An outline of President Jimmy Carter’s life—peanut farmer, president, and Nobel Peace Prize winner.
As a child growing up during the Depression on a farm in Plains, Georgia, Jimmy Carter “knew more people of color than most white boys his age.” In fact, an African American boy named Alonzo “A.D.” Davis was Jimmy’s best friend until they got older and the ways of segregation altered their relationship. Hegedus focuses on segregation as a key element in Carter’s life, and Han’s muted, fine-lined illustrations complement and extend the text, effectively evoking segregated lunch counters, movie theaters, school buses, and schools. As a young man, Carter’s response to the injustice he witnessed was to create a set of “Good Mental Habits” to live by; even though they are included in an illustration, these aren’t adequately explained. As he became politically active and progressed from local school board to the Georgia state Senate, from governor to president, Carter began to act against injustice. Though it is not made clear what he did to work for change in U.S. race relations, he is shown working on the Camp David Accords, trying to bring home hostages from Iran, and building houses for Habitat for Humanity.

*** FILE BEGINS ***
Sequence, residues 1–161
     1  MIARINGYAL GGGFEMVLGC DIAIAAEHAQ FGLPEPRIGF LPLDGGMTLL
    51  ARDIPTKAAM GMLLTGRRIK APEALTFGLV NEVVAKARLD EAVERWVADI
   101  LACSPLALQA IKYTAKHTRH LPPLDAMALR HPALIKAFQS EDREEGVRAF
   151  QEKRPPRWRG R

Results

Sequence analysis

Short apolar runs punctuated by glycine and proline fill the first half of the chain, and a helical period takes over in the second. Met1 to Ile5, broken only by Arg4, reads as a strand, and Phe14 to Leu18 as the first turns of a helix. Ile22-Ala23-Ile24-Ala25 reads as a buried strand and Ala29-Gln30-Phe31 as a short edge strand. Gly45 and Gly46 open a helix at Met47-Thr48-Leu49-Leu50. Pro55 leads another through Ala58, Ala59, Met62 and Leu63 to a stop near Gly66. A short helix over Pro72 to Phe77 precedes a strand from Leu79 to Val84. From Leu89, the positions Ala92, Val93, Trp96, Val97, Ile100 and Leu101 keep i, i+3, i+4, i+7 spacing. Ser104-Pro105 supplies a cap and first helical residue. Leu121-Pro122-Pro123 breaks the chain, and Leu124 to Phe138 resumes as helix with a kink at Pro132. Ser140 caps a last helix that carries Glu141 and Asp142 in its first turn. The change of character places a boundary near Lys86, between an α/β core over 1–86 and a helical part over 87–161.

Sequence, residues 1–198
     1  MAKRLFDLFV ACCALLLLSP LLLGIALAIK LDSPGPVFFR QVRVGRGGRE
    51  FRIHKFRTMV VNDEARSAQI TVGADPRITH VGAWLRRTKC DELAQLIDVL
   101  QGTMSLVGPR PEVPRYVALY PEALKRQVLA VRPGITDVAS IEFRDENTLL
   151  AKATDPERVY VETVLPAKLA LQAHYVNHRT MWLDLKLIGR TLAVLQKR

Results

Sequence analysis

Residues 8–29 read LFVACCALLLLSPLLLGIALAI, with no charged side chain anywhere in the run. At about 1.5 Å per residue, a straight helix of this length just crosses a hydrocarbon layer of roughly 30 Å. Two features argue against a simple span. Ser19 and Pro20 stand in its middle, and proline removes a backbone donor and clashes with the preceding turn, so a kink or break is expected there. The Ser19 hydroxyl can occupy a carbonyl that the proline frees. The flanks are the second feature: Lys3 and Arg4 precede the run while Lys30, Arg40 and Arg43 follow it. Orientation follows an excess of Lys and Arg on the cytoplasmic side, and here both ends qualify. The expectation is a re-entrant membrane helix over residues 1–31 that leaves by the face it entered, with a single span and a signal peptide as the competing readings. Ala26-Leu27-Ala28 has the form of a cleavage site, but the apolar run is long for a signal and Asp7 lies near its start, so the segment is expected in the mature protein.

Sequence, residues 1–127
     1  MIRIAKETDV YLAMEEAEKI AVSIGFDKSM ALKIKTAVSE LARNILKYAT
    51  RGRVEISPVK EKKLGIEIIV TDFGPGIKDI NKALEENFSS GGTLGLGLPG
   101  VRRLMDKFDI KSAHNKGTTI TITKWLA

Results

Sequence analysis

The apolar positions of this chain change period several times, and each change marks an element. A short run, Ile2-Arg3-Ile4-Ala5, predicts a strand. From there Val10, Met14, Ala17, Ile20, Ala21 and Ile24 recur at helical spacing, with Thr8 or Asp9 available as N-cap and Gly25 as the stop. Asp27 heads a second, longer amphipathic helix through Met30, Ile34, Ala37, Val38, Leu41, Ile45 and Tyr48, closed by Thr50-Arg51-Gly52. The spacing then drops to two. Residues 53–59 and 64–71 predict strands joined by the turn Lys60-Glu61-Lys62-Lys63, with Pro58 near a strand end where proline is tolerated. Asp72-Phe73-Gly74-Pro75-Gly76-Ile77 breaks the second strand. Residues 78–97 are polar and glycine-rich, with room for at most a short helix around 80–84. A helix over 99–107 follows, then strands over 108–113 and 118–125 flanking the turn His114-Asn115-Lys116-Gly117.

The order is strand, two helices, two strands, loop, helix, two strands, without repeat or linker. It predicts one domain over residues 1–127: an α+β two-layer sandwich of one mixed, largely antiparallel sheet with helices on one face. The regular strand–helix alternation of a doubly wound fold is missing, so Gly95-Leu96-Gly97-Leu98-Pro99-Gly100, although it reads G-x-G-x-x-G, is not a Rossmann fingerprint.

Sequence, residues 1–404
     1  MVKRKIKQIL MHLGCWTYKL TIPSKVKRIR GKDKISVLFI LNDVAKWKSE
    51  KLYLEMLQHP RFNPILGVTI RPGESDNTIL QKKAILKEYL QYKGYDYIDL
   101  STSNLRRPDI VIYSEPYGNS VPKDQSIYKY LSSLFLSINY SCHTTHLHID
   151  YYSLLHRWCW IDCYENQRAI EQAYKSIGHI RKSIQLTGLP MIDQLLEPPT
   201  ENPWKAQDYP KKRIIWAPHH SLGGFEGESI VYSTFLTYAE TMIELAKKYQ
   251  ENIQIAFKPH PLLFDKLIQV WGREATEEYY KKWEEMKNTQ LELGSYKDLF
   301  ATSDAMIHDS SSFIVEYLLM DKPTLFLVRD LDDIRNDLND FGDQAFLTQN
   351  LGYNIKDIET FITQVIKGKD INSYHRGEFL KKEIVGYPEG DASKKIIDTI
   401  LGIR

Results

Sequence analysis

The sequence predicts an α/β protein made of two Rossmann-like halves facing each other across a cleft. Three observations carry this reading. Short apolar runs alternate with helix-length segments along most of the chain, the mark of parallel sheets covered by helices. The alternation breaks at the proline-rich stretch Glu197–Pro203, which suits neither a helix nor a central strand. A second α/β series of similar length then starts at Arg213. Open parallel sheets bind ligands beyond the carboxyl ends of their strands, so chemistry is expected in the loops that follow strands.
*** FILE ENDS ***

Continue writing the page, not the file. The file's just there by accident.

An affectionate, admiring tribute to our 39th president. (author’s note, timeline, bibliography, online resources) (Picture book/biography. 4-8)